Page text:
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Viewpoints on the Oracle and NetSuite deal

By Stephen Silver

We’ve pulled together some viewpoints on the Oracle and NetSuite deal. What do you think?

On Thursday 28 July, Oracle and NetSuite announced that Oracle would acquire NetSuite for approximately $9.3 billion, in an all-cash deal. According to the announcement, both companies cloud service offerings will continue to operate and “coexist in the marketplace forever.”

Oracle will finally move from installed software to the internet

Bloomberg writes: “Oracle has been trying for years to shift from selling software installed on corporate customers’ gear the old way to delivering it over the internet. Yet in its most recent quarter, the company said the cloud division accounted for less than 10 percent of sales. Buying NetSuite, one of the first cloud-services companies, will help Oracle compete against the likes of Salesforce.com Inc., Microsoft Corp., and SAP SE.

“NetSuite is really pioneering cloud and this will certainly add to Oracle,” said Bill Kreher, an analyst at Edward Jones & Co. “I think acquisitions are certainly consistent with the company’s long-term pedigree and strategy. You’ve got to pay for that type of growth.”

Longtime ‘sweethearts’ united at last

CIO.com have said Oracle’s $9.3 billion purchase of NetSuite may be the most anticipated acquisition in the history of enterprise software.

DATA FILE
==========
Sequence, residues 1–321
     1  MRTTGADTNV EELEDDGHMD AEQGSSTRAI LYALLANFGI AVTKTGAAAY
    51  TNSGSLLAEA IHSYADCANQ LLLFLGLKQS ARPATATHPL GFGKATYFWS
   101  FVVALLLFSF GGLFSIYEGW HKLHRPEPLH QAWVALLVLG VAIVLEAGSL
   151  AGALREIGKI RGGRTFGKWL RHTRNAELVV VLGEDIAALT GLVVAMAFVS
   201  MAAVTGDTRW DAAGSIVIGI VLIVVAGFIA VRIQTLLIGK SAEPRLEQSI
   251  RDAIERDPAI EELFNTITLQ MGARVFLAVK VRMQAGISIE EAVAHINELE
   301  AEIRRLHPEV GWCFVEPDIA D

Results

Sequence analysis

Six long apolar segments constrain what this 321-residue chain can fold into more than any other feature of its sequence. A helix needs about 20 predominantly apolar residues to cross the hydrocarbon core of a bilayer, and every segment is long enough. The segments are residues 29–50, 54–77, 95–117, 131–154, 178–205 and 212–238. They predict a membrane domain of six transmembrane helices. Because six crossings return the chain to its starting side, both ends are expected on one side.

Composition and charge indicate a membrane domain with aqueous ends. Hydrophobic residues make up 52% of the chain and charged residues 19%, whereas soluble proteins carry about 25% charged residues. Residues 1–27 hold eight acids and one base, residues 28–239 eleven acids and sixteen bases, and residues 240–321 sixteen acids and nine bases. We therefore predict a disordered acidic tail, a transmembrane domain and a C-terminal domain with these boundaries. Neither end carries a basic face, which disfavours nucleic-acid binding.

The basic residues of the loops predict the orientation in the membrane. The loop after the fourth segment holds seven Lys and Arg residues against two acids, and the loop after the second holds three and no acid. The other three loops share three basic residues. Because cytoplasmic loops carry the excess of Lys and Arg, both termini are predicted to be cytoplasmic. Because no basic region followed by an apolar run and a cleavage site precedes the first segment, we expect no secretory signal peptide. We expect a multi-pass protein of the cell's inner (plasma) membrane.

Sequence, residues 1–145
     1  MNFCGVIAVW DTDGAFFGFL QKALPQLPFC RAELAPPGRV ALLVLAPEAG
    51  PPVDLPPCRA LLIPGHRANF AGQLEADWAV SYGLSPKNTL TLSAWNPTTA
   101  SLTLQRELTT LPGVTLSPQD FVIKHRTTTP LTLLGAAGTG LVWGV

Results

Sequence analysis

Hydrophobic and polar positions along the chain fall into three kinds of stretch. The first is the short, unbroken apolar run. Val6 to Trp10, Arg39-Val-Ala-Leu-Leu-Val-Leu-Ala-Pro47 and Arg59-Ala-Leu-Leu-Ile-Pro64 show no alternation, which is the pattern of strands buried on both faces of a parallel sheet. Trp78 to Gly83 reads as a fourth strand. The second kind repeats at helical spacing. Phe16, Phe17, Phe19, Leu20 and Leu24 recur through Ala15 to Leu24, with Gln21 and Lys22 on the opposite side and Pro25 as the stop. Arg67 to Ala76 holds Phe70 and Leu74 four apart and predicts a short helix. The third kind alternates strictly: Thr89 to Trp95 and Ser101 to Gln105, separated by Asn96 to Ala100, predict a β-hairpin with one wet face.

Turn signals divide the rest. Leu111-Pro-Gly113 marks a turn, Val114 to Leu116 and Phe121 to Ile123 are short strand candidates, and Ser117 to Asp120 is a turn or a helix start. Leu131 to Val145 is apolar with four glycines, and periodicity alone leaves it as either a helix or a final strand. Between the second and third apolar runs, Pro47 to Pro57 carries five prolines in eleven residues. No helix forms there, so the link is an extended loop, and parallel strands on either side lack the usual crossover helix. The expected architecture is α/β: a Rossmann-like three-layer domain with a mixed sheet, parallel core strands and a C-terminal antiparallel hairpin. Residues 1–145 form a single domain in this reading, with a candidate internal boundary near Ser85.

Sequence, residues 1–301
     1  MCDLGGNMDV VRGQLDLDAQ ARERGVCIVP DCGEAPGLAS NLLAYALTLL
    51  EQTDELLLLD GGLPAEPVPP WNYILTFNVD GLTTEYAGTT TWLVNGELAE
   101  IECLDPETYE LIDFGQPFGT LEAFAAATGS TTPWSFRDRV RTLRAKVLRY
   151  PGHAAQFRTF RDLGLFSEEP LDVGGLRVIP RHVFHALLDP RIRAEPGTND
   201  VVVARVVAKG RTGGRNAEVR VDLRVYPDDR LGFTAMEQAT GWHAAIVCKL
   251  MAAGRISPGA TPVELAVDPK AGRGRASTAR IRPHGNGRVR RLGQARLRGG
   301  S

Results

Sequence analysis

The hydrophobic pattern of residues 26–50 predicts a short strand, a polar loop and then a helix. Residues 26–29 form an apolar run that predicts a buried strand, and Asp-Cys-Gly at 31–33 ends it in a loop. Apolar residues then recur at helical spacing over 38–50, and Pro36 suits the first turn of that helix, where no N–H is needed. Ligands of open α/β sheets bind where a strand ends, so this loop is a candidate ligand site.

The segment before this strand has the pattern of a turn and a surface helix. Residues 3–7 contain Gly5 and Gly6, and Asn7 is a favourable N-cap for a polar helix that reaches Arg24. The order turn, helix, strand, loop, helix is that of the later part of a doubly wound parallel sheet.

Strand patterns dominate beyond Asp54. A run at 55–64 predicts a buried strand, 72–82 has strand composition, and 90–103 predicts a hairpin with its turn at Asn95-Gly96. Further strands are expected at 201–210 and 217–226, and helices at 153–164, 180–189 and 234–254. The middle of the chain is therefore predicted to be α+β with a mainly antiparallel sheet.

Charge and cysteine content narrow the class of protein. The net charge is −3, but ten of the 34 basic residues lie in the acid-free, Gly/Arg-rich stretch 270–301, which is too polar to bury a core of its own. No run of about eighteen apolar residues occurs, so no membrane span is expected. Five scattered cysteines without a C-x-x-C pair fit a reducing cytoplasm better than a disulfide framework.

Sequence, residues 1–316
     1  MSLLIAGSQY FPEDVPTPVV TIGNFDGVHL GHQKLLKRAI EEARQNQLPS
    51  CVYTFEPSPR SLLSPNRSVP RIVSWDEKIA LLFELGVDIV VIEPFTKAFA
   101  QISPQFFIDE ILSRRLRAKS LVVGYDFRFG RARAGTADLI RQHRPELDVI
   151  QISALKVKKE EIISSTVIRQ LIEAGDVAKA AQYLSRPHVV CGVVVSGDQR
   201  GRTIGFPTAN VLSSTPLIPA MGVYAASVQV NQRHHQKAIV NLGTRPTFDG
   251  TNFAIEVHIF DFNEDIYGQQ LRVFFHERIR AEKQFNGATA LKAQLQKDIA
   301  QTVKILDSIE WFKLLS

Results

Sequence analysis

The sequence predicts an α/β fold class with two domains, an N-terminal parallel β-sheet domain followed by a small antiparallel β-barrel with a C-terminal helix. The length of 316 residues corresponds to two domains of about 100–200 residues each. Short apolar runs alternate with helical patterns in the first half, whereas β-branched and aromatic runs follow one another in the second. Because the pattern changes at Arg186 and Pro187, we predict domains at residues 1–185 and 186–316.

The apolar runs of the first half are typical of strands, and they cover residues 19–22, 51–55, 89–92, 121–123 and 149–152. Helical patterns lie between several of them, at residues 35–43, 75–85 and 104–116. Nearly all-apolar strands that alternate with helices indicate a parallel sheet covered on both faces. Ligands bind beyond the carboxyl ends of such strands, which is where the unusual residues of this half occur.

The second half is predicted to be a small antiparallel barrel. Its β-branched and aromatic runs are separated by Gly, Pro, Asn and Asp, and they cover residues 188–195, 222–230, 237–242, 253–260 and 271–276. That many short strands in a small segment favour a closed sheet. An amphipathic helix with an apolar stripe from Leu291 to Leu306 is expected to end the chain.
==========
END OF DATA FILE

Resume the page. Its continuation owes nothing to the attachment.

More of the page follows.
“The only question in my mind is what took Oracle so long?” said analyst Frank Scavo, president of Strativa.

Oracle might have gotten a lower price than the $9.3 billion it’s paying if it had made its bid back in February when NetSuite’s shares were trading below $60, Scavo said. But there’s little doubt the investment could pay off handsomely. In terms of sheer numbers, Oracle will now have the largest installed base of pure-cloud ERP customers, Scavo said, and  he believes many of these are smaller businesses, in which Oracle has not had a strong presence.”

So why, and why now?

G2 Crowd’s CRO, Michael Fauscette, analyzed the detail of the deal. The product overlap argument was, and isn’t, an issue, as Oracle has proven over and over with its acquisitions. So why and why now? Fauscette suggests: “In retail, a strength of Oracle’s is that there are complementary offerings that can be sold into the Netsuite base. In all the Netsuite customer base there is an opportunity for Oracle’s customer experience solutions, marketing cloud solutions, HCM/Talent management solutions and supply chain solutions.”

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